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The Death of Ivan Ilyich.

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Introduction

Lauren Mills ENGL1323 Dr. Parrish July 13, 2003 The Death of Ivan Ilyich In The Death of Ivan Ilyich, Leo Tolstoy paints a poignant image of the death of an un-contemplative man after his brief life. On the surface, Ivan has success: a good job, family, and money. However, despite all his earned success, Ivan Ilyich was still an empty man, unprepared to die. It is only as he dies that he begins to realize the true meaning of life and what it should have meant to him. Even as he was living, Ivan seemed to be aware that all of his colleague friends lacked true affection for him. "He felt that he was trapped in such a mesh of lies that it was difficult to make sense out of anything." He hated his wife for he knew that all of her words were false and her affection towards him was not really out of love, but out of desire for money. ...read more.

Middle

Contrasting with the mental anguish, physical pain, and false life that Ivan suffers, are the relationships he forms with his son and the servant, Gerasim. Ivan lacked honest affection from his wife and his friends, but his son and Gerasim really cared about him. His son truly grieved over his father's condition, and Gerasim, a servant but later a nurse, gave Ivan all of the honest companionship and care that he so desperately craved. Gerasim's reassuring touch and his son's willingness to stay and talk with his father were enough to alleviate Ivan's constant suffering. Tolstoy portrays Ivan Ilyich's life as the antithesis of the contemplative life. Ivan had been consumed with the material, the present, and the popular within society. His entire life he has done what is expected in society for a higher class living. He buys an expensive house to which he could not afford, and does things in accordance to society's expectations. ...read more.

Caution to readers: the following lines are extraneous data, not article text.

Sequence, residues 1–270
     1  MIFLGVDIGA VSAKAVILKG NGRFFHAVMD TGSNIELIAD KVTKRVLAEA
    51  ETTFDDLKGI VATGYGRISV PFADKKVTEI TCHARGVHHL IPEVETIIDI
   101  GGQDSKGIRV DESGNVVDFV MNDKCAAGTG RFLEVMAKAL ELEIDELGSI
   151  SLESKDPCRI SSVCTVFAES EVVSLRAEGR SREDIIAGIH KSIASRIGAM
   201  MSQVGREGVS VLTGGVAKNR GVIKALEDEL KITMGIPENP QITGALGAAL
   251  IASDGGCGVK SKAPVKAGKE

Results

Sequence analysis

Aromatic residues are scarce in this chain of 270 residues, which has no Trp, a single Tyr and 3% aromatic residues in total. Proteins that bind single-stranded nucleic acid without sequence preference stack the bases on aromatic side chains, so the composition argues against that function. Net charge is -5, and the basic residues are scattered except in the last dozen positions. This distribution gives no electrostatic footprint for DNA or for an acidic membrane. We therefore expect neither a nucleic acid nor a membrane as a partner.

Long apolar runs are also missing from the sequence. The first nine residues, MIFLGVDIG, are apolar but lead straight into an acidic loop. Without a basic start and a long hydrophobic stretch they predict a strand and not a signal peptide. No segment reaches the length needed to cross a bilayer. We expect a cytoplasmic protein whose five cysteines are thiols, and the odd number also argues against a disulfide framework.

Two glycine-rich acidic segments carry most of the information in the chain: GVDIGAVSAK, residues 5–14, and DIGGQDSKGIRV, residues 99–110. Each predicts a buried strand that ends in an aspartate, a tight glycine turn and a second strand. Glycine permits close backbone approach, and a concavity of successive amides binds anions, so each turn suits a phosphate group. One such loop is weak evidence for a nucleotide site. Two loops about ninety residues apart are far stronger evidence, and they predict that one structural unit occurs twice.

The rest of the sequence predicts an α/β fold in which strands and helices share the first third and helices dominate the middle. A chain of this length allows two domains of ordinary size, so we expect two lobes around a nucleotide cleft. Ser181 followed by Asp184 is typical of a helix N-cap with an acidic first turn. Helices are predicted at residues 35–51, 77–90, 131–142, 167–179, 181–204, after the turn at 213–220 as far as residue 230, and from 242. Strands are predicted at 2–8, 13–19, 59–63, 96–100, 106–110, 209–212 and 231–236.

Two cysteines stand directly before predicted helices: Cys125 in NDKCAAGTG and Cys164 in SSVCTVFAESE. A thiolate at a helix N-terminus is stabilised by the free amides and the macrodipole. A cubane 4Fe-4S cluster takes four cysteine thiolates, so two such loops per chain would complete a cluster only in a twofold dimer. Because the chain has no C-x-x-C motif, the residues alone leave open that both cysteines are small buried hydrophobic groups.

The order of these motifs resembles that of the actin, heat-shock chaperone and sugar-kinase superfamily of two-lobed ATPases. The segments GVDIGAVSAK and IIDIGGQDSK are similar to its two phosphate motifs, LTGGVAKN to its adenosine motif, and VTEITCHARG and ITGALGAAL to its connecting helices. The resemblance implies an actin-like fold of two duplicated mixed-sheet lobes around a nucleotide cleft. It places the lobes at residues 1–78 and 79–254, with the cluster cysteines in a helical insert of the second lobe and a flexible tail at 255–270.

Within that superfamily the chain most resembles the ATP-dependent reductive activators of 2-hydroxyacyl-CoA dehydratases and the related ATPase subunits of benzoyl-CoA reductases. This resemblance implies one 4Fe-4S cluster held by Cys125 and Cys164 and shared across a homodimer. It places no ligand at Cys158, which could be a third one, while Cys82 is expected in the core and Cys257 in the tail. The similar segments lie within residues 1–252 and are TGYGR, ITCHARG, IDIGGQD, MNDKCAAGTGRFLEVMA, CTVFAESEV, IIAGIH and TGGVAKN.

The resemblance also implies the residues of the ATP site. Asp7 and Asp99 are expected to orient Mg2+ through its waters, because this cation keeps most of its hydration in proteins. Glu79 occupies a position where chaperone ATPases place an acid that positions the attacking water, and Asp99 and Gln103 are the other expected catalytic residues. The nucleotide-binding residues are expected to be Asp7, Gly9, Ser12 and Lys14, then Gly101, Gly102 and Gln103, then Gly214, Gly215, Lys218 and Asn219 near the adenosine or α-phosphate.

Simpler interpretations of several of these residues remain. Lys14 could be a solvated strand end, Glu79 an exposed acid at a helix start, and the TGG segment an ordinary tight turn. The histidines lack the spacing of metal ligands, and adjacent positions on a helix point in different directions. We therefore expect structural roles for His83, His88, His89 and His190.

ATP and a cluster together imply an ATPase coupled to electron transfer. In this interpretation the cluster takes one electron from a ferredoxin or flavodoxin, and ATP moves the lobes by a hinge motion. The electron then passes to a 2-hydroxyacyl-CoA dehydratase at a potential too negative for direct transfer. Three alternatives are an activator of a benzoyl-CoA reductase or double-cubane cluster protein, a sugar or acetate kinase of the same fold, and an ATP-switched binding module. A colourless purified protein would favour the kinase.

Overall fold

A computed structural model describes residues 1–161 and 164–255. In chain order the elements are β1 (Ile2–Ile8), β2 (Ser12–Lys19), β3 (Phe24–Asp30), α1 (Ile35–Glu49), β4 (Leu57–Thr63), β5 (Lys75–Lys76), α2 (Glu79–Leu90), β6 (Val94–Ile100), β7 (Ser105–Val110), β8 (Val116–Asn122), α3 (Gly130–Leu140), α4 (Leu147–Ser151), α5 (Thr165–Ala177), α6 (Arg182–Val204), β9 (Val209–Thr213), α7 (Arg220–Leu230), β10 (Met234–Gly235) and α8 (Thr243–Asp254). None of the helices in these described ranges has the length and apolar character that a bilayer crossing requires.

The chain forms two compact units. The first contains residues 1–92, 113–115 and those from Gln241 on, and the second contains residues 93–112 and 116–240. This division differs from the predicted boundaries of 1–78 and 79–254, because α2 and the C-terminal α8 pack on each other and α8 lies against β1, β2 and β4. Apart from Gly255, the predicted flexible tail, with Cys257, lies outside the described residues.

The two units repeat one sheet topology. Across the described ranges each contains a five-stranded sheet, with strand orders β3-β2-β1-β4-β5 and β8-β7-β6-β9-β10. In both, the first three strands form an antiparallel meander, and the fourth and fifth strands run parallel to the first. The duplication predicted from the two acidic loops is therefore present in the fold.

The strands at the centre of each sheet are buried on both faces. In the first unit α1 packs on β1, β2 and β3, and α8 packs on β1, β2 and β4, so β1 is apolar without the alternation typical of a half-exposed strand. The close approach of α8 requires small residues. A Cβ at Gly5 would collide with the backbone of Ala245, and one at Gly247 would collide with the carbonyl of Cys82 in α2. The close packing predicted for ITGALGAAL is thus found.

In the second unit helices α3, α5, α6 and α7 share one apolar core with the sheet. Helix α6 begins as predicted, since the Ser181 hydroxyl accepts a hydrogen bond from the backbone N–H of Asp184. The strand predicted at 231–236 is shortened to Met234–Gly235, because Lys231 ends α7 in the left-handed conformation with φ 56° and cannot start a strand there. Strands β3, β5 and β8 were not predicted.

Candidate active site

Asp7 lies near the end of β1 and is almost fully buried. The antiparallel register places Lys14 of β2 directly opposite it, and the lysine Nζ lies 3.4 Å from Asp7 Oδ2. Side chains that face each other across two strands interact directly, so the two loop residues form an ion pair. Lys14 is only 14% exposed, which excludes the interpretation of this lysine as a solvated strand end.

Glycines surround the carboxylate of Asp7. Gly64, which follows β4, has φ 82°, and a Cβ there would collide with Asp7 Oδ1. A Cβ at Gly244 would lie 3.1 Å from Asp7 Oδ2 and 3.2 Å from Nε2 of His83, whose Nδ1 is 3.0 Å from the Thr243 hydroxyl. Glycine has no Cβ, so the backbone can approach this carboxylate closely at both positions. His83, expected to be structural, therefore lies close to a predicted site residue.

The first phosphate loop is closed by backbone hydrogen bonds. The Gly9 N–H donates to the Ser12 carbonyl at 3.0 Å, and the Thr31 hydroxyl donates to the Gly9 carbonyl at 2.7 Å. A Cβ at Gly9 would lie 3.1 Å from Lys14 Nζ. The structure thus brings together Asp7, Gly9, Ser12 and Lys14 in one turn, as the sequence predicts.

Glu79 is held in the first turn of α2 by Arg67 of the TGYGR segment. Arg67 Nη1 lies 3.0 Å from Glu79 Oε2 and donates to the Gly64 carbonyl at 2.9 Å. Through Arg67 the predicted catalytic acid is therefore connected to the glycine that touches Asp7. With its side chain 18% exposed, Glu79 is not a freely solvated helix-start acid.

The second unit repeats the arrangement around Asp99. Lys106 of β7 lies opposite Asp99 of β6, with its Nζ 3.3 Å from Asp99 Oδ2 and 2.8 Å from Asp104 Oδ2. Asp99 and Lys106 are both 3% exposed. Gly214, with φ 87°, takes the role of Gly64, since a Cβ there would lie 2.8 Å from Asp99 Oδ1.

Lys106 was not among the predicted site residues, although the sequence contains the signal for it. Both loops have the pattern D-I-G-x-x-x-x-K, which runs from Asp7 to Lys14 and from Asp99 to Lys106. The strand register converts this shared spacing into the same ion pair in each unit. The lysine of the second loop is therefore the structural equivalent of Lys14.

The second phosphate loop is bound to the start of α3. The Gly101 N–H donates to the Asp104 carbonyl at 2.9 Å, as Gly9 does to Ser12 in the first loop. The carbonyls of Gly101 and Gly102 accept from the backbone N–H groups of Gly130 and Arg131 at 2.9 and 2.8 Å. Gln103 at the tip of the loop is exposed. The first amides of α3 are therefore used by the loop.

Conclusion

An hour before his death, Ivan Ilyich thought, "I can still make it the real thing - I can. But what is the real thing?" At this thought, Ivan Ilyich stopped screaming, and he felt someone kissing his hand. It was his son. Too weak to adequately express his regrets and ask for their forgiveness, he stuttered words of forgiveness to his wife and son, knowing that they would understand. At the end of his life Ivan Ilyich realized the truth that if he forgave himself for his life, than the "heavenly father" would forgive him. Ivan was ready to accept death at this point, and finally knew the significance of his life. In sudden understanding, he yells, "How good and how simple!" Now, he is accepting death. To his response he screams "So that's it! What bliss!" After screaming these mortal words, Ivan Ilyich stretches out and dies, yet dies at peace with himself and with God. Mills 1 ...read more.

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